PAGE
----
How does it feel to be a hundred and still cling to life? In the 100UP documentary, documentary filmmaker Heddy Honigmann makes a valiant attempt to portray seniors who still have something to offer.
Honigmann asks Raul (1918) from Peru why she still gets up every morning. Just to go to the hospital, he answered succinctly. He was a doctor in his working life and still provides his services at the local hospital. It keeps it going.
This actually applies to all seven heroes who have in common that they have lived for more than a hundred years. No matter how different their personalities all are, their profile is the same: they are professionals who have lived an intense life and ultimately built a good standard of living.
here and now
Honigmann (1951) has garnered more than her success in the field of documentaries. She is famous for
, which permeates the lives of soldiers deployed to United Nations peacekeeping missions. Hongman
She’s not really interested in what the people she portrayed have gone through. They mainly focus on their here and now survival mechanics.
She made an exception for Mathilde Freund (1916). Born in Vienna, she saw “Her Hitler” driving his car through the streets of Vienna and then fled to France and later to the United States. She can still be found daily in the halls of the local university where she takes film history lessons.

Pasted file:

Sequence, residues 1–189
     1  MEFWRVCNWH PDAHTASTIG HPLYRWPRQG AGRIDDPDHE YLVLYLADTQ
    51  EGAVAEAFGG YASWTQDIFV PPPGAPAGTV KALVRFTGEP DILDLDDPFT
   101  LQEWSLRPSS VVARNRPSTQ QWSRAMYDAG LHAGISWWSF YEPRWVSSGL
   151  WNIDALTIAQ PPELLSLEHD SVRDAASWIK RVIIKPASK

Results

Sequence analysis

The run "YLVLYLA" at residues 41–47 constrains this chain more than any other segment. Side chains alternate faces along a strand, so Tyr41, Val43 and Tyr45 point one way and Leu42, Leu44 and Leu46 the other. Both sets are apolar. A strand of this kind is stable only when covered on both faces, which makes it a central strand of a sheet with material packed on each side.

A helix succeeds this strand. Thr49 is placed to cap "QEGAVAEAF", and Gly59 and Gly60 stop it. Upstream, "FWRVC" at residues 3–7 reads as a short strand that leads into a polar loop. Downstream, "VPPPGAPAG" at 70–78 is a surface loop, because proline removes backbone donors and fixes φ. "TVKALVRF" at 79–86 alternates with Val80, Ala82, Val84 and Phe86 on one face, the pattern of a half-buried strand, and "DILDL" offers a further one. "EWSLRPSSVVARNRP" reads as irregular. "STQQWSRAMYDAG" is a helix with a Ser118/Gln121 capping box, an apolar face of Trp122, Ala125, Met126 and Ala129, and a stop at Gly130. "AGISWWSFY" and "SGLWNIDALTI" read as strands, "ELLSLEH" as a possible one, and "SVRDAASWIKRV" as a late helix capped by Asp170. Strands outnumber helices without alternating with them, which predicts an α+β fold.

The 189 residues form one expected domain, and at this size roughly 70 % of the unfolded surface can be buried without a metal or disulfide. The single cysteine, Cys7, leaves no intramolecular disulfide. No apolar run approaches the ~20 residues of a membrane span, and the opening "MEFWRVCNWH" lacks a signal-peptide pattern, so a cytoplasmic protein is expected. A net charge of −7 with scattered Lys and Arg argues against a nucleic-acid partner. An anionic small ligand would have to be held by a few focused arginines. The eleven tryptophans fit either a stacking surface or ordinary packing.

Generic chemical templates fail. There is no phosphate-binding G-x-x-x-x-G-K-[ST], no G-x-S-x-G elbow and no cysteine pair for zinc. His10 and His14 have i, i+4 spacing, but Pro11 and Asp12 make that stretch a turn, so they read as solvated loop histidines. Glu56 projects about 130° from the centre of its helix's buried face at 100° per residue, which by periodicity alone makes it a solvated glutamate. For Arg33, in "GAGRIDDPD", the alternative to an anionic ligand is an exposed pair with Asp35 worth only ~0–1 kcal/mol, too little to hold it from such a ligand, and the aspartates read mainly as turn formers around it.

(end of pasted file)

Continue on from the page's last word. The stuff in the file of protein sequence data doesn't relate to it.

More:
What all centenarians have in common is that the rolling still gives them something to keep. Viola Smith (1912) tells that she comes from a family of seven sisters, and that her father started a band with all the girls. She considers herself lucky to have played the drum kit from the start. “It made me energetic and mobile.” In fact, her daily workouts still testify to her exceptional agility.
Shirley Zusman (1915) worked as a therapist for people with sexual problems into old age. She thinks the most frustrating thing is that you can no longer do everything you always wanted to do. In a conversation with her little younger sister, one does not want to talk about the past (“remember when it was our mother’s birthday”). The other, Shirley, likes to talk about the past to incorporate those memories into the present.
The only Dutchman in this documentary is former Hague Olympian Hans Mayer (1916) who put his heart and soul into a movement he calls “the universal duties of man”. In addition to rights, we also have duties, he believes, such as caring for others and for the earth. We can still see him working on building a website. Or would his quest possibly take another hundred years before any of that appeared? “I’m much more optimistic,” he says.
When asked about everyone’s vision of the future, others are less positive. They see the selfishness of people, but above all there is an interest in the future of the Earth and the degradation of the environment.
Reasonably vital aging is not for everyone. But continuing to search for meaning is the common denominator that emerges from all conversations. This movie is a tribute to life.
It is a nod to a BBC documentary series that began in 1963 and gathers participants in front of the camera every seven years. Original creator Michael Apted wanted to point out that by the age of seven a lot has already been fixed that will have an impact for the rest of life. Two years ago it came
We have to be patient until 2026. Heddy Honigmann didn’t want to wait for that. She must have jumped to a hundred.
100UP by Heddy Honigmann presents seven images of people who have lived for a century with an infectious zest for life. The movie can be viewed in . format
. *** / A quiet movie that is not too surprising makes you happyك
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